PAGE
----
Document Type

Book Chapter

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This chapter examines the challenges, how they affect congressional oversight of intelligence, and Congress’s efforts to ensure accountability for United States (US) intelligence activities. The United States Government has engaged in intelligence collection and covert action since its earliest days. Congressional oversight of intelligence activities, however, has a relatively short history. It was not until the late 1940s, with the creation of the Central Intelligence Agency (CIA), that the US House of Representatives and Senate created entities – subcommittees of their Armed Services committees – with responsibility for intelligence oversight. The Church Committee revelations and other concerns that surfaced during that period led to a number of significant reforms to intelligence oversight. In the years since, there have been additional changes to structure and process. The Church Committee subject that generated perhaps the greatest outrage was its extensive chronicling of domestic electronic surveillance by intelligence agencies.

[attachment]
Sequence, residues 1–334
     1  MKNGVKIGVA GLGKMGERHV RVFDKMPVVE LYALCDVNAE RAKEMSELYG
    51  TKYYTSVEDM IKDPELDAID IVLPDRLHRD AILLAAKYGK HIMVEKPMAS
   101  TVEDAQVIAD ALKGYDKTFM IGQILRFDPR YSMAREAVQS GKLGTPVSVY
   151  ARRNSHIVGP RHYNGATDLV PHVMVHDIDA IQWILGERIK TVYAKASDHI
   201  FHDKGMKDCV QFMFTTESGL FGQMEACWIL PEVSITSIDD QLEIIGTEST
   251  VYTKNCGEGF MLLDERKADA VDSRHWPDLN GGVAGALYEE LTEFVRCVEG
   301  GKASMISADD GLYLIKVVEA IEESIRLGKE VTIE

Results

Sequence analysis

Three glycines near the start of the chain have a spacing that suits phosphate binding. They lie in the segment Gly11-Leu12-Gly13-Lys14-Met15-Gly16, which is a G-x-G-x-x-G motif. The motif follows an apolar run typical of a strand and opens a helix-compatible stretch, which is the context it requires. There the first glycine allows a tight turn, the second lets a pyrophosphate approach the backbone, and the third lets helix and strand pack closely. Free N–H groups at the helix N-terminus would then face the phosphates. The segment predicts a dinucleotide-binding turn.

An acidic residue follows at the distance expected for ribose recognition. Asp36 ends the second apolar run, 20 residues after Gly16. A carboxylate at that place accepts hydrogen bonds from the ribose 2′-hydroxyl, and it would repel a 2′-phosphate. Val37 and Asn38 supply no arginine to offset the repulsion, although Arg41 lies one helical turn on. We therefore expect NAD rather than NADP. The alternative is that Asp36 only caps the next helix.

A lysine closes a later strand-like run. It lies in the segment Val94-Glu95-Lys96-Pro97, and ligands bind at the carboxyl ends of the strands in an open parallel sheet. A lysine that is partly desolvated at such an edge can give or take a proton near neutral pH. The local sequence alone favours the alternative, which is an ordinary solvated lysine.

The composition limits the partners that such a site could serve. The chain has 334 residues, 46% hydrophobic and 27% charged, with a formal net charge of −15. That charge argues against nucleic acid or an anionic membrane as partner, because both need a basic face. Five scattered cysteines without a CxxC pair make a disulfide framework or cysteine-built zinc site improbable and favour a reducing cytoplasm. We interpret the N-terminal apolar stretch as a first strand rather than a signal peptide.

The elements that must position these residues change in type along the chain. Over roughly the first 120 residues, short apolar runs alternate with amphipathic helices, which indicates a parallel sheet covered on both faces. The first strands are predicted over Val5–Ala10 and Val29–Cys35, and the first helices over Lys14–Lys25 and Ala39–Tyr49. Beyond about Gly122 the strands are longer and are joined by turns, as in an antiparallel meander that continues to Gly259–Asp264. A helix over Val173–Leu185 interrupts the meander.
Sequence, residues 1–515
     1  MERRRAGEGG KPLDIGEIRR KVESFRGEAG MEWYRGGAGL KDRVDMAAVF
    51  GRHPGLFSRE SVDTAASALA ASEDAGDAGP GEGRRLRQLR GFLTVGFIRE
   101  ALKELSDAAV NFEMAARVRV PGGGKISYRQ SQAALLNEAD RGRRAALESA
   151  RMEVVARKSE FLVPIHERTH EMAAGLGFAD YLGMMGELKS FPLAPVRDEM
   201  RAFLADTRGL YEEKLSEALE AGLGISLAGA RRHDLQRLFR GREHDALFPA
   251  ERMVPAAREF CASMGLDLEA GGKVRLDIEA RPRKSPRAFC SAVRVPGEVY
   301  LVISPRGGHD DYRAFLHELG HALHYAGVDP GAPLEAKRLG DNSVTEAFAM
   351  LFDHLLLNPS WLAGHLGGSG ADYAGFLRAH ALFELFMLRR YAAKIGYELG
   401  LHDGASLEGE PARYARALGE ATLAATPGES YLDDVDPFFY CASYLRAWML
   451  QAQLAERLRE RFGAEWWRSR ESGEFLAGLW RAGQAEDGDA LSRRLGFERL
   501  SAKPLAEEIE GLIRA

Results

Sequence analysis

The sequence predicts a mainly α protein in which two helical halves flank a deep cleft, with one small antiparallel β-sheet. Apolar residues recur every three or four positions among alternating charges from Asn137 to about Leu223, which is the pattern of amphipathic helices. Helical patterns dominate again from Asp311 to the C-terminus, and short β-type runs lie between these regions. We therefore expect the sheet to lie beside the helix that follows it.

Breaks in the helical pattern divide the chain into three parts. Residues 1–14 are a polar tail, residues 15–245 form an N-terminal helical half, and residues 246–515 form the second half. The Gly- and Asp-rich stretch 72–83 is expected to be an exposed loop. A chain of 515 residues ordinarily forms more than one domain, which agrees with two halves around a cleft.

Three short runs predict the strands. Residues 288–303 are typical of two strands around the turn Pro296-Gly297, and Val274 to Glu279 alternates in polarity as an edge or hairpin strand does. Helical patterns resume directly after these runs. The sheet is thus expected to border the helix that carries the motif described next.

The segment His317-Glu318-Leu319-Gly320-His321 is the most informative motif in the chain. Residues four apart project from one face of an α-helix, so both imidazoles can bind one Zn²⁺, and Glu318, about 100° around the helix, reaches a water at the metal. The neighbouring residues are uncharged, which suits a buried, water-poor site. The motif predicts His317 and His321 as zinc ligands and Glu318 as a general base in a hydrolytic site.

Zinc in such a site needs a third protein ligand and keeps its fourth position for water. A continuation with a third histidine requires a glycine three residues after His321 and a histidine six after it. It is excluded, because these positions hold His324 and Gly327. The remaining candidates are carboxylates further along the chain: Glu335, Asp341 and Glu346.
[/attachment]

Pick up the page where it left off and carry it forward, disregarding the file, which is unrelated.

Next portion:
Publication Citation

This is a book chapter published by Routledge/CRC Press in National Security Intelligence and Ethics on November 8, 2021, available online: Creative Commons License: CC BY-NC-ND.